Disney Paid $177 Million to Settle ABC ‘Pink Slime’ Case

Aug 10, 2017

Disney quietly paid a huge sum of money to settle a controversial defamation case over ABC News' use of the phrase "pink slime" to describe an additive that the cattle industry prefers to call "lean finely textured beef."

The settlement, worth at least $177 million, came after South Dakota-based Beef Products sued Disney-owned ABC for $5.7 billion over a series of reports about "pink slime" in 2012.

Disney's decision to settle will likely alarm free speech advocates who argue the lawsuit sought to silence legitimate reporting about the food industry.

ABC News did not invent the term "pink slime," which was was first used by a government biologist in a private email to colleagues. The biologist argued that the additive in question—which is created by using a centrifuge to spin off muscle meat from layers of fat and then treating it with ammonia—was not real ground beef.

The series of ABC News reports citing "pink slime" fueled a national outcry over the beef product, which in turn led the industry to stop using it, and to a series of plant closures and layoffs at Beef Products Inc.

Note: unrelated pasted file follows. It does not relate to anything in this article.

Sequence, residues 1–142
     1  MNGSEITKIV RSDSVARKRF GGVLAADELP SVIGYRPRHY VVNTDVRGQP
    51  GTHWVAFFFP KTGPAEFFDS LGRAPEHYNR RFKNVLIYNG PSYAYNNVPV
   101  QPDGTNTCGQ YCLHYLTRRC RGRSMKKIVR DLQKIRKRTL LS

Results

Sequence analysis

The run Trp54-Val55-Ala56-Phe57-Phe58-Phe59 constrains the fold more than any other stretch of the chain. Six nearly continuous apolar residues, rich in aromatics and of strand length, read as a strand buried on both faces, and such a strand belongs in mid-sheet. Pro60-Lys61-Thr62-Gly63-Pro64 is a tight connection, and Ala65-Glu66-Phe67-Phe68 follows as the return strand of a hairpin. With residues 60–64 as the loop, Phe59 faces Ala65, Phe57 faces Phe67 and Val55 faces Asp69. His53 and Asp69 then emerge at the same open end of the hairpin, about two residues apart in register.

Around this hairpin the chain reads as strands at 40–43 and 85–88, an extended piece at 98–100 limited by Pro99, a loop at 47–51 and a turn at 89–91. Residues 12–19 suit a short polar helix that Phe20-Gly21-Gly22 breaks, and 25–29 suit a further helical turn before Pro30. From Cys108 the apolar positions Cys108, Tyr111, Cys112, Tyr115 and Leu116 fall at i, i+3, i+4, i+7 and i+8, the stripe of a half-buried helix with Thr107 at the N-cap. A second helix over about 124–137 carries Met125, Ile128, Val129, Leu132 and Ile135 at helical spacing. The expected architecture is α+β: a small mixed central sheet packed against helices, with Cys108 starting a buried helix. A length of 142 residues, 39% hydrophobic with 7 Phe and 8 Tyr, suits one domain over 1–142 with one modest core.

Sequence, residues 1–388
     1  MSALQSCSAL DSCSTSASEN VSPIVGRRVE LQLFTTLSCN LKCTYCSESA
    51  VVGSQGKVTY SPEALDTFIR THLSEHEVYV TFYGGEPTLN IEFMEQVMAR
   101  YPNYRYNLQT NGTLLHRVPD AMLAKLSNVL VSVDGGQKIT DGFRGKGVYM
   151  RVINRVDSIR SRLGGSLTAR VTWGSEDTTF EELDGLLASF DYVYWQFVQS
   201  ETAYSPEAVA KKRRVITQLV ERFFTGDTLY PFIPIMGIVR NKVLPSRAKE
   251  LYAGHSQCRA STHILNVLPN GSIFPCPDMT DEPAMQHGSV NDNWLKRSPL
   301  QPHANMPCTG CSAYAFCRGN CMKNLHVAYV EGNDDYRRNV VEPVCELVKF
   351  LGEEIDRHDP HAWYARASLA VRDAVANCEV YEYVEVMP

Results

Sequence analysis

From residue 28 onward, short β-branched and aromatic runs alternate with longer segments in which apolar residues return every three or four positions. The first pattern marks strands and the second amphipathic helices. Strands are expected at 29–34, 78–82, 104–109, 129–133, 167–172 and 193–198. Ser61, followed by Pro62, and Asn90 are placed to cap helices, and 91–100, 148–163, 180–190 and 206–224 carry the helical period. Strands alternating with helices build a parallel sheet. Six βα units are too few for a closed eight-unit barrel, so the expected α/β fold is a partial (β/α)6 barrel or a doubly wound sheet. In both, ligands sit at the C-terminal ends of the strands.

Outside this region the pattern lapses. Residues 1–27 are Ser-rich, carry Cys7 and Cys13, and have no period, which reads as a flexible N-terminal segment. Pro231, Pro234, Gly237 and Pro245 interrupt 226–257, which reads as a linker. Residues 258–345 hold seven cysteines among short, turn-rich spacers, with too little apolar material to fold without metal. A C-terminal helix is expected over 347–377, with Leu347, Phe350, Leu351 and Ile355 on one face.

Disney's (dis) decision to settle the lawsuit, first reported by the Hollywood Reporter, came as a surprise, and occurred in the midst of a weeks-long trial in South Dakota.

The outcome likely reflects fears by Disney that jurors in the trial would feel sympathy for a home-state industry over an eastern media outlet. The $177 million payout thus allowed Disney to avoid rolling the dice on a verdict and facing years of uncertainty on appeal.

Meanwhile, Beef Products appears set to collect significantly more than the $177 million figure, which came to late this week when Disney stated quarterly earnings. As a spokesperson told the Wall Street Journal, the company will receive additional money as a result of payouts from insurance: "As Disney disclosed, $177 million is not the total settlement amount. Based on Disney's disclosure, it appears that Disney is funding $177 million of the settlement and its insurers are paying the rest."

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